It’s time to reach for the piggy bank, cookie jar, shoe box or any other place where you might have an assemblage of old coins stored. Empty the contents onto a well-lighted table covered with a soft cloth, and look for U.S. coins dated 1964 and before. Any pre-1965 U.S. dime, quarter, half dollar or dollar coin you pluck from the pile will contain 90% silver, with 10% copper added to harden the metal. Any combination of these pre-1965 coins that has an equivalent face value (legal tender value that is indicated on the coin) of one dollar will be worth at least 70% of the silver troy ounce price. (“Troy ounce” is the unit of measure for precious metals. One troy ounce is 31.1 grams; a regular ounce is 28.35 grams.)
The silver price fluctuates, sometimes considerably. With silver valued at $17.29 per troy ounce on the Chicago Mercantile Exchange, four quarters or ten dimes or two half dollars, for example, would be worth $12.10 or more, with silver dollars commanding a bit more value apiece.
Using that $17.29 per troy ounce value, a silver dime would be worth $1.21; a silver quarter would have a value of $3.02; and a silver half dollar would command $6.04. A silver dollar is also made from 90% silver, but contains about 10% more silver for its face value than the other coins, so it would be valued at $13.37.
And it gets better. Although each and every dime, quarter, half dollar and dollar coin dated before 1965 is valuable for its silver content, nickel five-cent coins dated 1943 through 1945 contain 35% silver, as do some “nickels” dated 1942—those that display a large letter “P” (for the Philadelphia Mint) or “S” (for the San Francisco Mint) above Monticello, the building pictured on the coin’s reverse. Those silver nickels, produced during World War II, are worth about 80 cents each, with silver valued at $17.29 per troy ounce. Kennedy half dollars dated from 1965 through 1970 contain 40% silver. These have a value of $2.25 each when silver is at $17.29 per troy ounce.
The coins I refer to here are common-date silver coins that are in average circulated condition. In the coin trade, the term for these coins is “junk numismatic silver.” Numismatic refers to the study of coins, paper money and medallic art. Coins that have no wear and are Mint State often bring higher prices, as do coins that have scarce or rare dates. Listings of scarce or rare date coins can be found in my book, The Insider’s Guide to U.S. Coin Values or online from the Professional Coin Grading Service.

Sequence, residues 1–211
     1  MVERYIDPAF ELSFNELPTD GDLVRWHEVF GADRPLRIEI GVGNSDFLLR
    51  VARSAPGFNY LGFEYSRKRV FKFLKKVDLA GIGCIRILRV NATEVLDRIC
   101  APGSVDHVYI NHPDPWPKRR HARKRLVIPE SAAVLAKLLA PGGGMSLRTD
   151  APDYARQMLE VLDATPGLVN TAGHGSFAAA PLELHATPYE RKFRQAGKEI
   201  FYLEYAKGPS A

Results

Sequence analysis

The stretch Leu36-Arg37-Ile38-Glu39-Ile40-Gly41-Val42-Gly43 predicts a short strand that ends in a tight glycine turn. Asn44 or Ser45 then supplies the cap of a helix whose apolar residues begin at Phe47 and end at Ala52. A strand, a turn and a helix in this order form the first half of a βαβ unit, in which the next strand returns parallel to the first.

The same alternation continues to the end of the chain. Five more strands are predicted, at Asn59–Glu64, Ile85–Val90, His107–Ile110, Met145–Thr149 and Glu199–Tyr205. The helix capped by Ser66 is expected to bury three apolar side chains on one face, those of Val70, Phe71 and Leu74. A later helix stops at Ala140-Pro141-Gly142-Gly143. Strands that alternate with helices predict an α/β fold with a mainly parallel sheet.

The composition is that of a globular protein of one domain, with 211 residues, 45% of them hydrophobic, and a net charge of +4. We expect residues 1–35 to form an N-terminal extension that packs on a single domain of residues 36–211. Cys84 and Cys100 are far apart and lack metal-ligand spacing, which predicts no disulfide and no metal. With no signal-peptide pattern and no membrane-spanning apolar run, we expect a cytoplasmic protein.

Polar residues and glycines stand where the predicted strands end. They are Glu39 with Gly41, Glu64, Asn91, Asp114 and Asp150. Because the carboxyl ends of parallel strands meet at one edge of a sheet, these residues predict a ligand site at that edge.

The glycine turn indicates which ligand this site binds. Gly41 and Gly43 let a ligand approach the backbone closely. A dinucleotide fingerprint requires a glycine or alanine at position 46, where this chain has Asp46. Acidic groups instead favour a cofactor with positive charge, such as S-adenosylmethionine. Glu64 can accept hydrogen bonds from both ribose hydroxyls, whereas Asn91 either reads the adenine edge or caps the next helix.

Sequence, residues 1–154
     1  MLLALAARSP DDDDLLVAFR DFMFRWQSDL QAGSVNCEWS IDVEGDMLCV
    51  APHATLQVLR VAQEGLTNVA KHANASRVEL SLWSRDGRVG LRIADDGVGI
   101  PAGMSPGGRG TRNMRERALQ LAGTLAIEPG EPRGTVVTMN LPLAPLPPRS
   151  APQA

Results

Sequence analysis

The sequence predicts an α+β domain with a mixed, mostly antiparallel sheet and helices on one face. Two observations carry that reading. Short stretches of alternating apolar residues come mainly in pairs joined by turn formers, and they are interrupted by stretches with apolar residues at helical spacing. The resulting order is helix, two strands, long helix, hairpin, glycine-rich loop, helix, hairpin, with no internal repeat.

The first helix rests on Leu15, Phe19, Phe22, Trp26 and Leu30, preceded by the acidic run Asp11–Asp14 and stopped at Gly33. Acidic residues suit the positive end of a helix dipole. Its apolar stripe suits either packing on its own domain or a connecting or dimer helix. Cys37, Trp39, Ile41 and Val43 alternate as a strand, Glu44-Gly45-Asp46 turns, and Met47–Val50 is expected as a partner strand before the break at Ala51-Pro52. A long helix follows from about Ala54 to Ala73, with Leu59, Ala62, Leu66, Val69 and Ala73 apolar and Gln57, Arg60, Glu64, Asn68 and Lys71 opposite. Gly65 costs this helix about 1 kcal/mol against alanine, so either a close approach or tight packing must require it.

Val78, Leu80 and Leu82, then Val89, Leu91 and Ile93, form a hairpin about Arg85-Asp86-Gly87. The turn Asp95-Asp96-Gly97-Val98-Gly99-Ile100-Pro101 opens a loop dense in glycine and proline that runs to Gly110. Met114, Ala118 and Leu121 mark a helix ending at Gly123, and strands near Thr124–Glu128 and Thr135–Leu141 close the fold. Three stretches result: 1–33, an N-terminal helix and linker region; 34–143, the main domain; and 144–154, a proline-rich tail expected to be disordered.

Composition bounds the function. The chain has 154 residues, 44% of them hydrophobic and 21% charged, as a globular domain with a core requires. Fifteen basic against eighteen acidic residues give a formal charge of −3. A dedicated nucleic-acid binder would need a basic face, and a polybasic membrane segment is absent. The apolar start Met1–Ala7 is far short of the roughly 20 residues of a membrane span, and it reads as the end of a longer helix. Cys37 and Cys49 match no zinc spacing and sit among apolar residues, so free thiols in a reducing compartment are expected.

If silver is in great demand, U.S. coins that fall into the category of junk numismatic silver might trade at a premium of 10% or more. However, when demand for silver is lagging, sometimes Mint State coins bring junk (or “melt value”) prices.
Junk numismatic silver coins fluidly trade in $1,000 face-value bags that contain about 715 ounces, taking the wear of the coins and the silver worn away into consideration. These coins, when originally minted, contained 723 ounces of silver. Investors like to buy these silver coin bags by their denomination. Some investors are holding bags of silver coins as an insurance policy against economic calamity, as these silver coins can be used for barter purposes in the event of an economic collapse. A bag of silver dimes, quarters or halves would be worth about $12,000, with silver at that $17.29 per troy ounce level.
Back in 1965, the U.S. Treasury was granted Congressional approval to change the composition of the dimes and quarters that it was manufacturing to contain copper and nickel and not be made from any silver, as silver was rising in value. Treasury lowered, but did not eliminate, the amount of silver contained in the half dollar. Beginning in 1971, that coin saw production for circulation without silver.
After Treasury removed all silver from the dimes and quarters it was producing in 1965, there was a mad rush by the American public to remove these silver coins from circulation. Many of those silver coins were ultimately melted for their precious metal value by refineries. But a large number remain scattered around the nation in attics, dresser drawers, home safes and even in secret hiding places within walls.
Since 1970, no U.S. coins manufactured for people to spend have contained precious metals. The Eisenhower and Susan B. Anthony dollar coins made for circulation contain no silver and are made from copper and nickel. However, the U.S. Mint has become the world’s largest coin dealer by selling special issue coins made from gold, silver and platinum at premium prices to collectors.
As long as we are on the topic of searching your coin stash for silver coins, it might be helpful to know which Canadian coins have silver content. Canadian dimes, quarters, half dollars and dollar coins dated 1967 and earlier are usually made from 80% or more silver. In 1967 and 1968 (a transition year), some of the dimes and quarters manufactured by Canada for people to spend were made from 50% silver. Canadian silver coins with their approximate 80% silver content are valued at $9 per one dollar face value, with silver at $17.29 per ounce.
Whether your silver coins are American or Canadian, you can visit a reputable coin and precious metals dealer or check for the next American Numismatic Association convention, where you can go to the proverbial cash window and celebrate.
Check out Scott’s website, or purchase his latest book, The Coin Collector’s Survival Manual.